if(NULL == *Item)
{
*Item = p;
}
else
{
DLInsertBefore(*Item, p);
}
}
else
{
Result = DL_NO_MEM;
}

return Result;
}

void *DLGetData(DLLIST *Item,
int *Tag,
size_t *Size)
{
void *p = NULL;

if(Item != NULL)
{
if(Tag != NULL)
{
*Tag = Item->Tag;
}
if(Size != NULL)
{
*Size = Item->Size;
}
p = Item->Object;
}

return p;
}

+--------------------------------------+


You are only inserting First, why go through with the whole
insertion sort?
Why are you not moving First within in the list but copy it?
Why are you not immediately destroying first after having copied
it but destroy it only once at the end?
Why are you not checking the return values of DLAddBefore()
and DLAddAfter()?
Cheers
Michael
--
E-Mail: Mine is an /at/ gmx /dot/ de address.
Mar 11 '06 #2

P: n/a
FBM said:
Printing some control information I see that before crashing, the speed
of what is shown on the screen increases just before stopping and then
showing the segmentation fault error.
What did the backtrace show you?
I could trace the origin of the problem to this function:

// Sort events
DLLIST * sortEvents(DLLIST *List) {
EVENT *First, *Second;
First comment - I note that my newsreader has stripped out all your
indenting. I guess that's the price you pay for using tabs.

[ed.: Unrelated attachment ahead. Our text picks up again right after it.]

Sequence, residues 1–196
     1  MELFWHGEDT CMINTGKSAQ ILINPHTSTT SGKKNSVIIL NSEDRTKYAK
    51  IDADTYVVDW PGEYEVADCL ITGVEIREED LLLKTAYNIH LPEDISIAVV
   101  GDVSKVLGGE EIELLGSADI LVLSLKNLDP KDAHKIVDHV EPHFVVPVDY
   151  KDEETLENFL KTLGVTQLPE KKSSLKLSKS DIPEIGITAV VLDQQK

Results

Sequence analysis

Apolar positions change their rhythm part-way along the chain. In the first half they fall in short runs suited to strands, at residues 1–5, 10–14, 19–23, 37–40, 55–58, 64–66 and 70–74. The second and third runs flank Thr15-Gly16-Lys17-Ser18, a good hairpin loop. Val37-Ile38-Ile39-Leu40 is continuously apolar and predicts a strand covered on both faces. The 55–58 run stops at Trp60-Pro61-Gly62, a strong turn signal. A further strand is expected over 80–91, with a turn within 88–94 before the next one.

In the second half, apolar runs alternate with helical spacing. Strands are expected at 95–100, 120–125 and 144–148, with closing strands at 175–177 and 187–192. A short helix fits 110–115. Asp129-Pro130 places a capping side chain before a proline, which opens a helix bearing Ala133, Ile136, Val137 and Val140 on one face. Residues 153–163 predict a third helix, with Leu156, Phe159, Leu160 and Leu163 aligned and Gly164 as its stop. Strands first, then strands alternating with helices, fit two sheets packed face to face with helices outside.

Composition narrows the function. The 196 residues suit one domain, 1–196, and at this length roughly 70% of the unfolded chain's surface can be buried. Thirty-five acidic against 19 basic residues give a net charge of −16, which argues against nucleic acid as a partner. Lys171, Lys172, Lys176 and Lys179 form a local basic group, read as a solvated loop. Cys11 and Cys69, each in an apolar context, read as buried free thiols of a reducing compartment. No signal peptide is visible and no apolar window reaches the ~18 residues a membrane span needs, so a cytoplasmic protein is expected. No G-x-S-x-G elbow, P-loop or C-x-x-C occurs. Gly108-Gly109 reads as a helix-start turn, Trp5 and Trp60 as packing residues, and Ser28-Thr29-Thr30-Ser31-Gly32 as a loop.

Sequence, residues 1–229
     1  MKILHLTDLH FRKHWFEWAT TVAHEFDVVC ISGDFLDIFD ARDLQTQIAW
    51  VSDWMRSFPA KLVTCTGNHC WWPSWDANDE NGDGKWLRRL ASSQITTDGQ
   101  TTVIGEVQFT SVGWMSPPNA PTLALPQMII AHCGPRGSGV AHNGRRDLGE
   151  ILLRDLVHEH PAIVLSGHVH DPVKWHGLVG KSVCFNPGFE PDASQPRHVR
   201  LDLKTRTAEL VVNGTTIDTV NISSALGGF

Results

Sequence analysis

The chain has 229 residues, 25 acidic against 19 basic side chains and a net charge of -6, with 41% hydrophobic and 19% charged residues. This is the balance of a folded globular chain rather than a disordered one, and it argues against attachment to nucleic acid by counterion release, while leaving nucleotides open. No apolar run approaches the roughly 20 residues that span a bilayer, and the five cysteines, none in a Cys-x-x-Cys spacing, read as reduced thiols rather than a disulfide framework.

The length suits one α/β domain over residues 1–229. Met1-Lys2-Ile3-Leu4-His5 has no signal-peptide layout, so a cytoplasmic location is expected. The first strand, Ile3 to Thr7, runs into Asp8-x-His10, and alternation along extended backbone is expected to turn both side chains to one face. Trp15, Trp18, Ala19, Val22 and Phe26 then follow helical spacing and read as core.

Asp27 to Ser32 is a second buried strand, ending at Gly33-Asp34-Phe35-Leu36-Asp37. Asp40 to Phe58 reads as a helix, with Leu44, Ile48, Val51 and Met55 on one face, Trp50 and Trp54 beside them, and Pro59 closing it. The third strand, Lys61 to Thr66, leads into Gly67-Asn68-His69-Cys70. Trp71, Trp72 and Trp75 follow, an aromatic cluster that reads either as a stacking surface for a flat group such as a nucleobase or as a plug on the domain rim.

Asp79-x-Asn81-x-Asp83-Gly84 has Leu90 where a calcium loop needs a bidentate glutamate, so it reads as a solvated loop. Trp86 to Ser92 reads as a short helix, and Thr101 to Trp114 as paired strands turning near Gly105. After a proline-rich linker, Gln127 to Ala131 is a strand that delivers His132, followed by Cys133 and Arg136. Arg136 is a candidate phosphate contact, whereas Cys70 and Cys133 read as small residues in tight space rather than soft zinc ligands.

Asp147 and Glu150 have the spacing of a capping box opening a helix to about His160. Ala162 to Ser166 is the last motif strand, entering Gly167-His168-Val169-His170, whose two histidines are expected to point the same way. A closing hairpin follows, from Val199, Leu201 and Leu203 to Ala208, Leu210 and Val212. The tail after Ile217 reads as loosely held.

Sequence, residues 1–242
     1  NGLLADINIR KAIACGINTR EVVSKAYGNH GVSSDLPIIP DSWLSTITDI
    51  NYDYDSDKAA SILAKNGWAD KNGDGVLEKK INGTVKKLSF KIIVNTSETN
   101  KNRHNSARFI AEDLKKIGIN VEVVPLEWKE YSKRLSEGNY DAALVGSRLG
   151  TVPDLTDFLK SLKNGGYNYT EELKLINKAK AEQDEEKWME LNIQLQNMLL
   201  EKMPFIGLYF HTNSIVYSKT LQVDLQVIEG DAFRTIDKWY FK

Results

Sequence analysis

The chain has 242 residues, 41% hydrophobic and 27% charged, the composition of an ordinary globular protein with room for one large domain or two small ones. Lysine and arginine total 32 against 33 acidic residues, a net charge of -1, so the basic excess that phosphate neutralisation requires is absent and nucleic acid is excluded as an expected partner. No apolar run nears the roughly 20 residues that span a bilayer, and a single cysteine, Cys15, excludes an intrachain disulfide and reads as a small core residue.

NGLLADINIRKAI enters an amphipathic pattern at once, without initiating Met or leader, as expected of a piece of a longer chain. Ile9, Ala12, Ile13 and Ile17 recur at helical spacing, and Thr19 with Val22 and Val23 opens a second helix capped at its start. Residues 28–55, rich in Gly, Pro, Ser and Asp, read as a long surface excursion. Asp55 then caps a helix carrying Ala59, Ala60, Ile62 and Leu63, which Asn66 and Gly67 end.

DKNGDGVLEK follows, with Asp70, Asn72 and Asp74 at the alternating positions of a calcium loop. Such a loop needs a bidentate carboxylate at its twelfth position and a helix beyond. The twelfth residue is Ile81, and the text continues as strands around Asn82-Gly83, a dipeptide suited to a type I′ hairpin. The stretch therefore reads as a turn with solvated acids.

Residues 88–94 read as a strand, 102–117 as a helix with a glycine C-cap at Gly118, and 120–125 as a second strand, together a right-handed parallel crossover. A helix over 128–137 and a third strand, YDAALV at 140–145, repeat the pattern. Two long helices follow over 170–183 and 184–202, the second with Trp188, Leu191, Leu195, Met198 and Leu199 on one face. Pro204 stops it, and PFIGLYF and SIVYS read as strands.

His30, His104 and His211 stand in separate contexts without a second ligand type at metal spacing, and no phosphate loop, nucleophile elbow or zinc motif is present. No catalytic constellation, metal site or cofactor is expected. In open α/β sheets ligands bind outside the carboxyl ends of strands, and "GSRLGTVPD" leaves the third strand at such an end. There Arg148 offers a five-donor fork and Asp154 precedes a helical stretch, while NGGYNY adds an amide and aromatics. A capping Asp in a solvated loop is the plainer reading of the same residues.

double basketElem1 = 0, basketElem2 = 0;
DLLIST *floor = NULL, *floorP = NULL;
floor is the name of a standard library function (prototyped in the <math.h>
header), and it's therefore a good idea to avoid it as an object name in
your own code.
EVENT *floorElem;
int counter1 = 0, counter2 = 0;
List = DLGetFirst(List);
This "rewinds" the list, such that List points to the first element in the
linked list. (I know you know this. I'm just thinking out loud!)
First = DLGetData(List, NULL, NULL);
This yields a pointer to the data stored in the list node.
while(List != NULL) {
basketElem1 = First->TimeInit;
if( floor != NULL ) {
floorP = floor;
do {
floorElem = DLGetData(floorP, NULL, NULL);
First time in, floor is NULL, so floorP is NULL, so this is passing NULL to